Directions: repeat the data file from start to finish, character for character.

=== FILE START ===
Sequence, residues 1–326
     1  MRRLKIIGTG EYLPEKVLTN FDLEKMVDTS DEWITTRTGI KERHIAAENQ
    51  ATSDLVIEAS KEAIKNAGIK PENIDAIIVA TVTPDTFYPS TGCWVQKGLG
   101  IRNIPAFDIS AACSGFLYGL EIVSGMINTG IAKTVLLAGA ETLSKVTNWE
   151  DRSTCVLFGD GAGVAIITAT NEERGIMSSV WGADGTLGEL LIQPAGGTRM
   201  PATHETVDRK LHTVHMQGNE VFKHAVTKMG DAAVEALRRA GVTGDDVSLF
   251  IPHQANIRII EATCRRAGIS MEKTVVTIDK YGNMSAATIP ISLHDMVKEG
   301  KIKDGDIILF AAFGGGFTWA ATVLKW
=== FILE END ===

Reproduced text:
Sequence, residues 1–326
     1  MRRLKIIGTG EYLPEKVLTN FDLEKMVDTS DEWITTRTGI KERHIAAENQ
    51  ATSDLVIEAS KEAIKNAGIK PENIDAIIVA TVTPDTFYPS TGCWVQKGLG
   101  IRNIPAFDIS AACSGFLYGL EIVSGMINTG IAKTVLLAGA ETLSKVTNWE
   151  DRSTCVLFGD GAGVAIITAT NEERGIMSSV WGADGTLGEL LIQPAGGTRM
   201  PATHETVDRK LHTVHMQGNE VFKHAVTKMG DAAVEALRRA GVTGDDVSLF
   251  IPHQANIRII EATCRRAGIS MEKTVVTIDK YGNMSAATIP ISLHDMVKEG
   301  KIKDGDIILF AAFGGGFTWA ATVLKW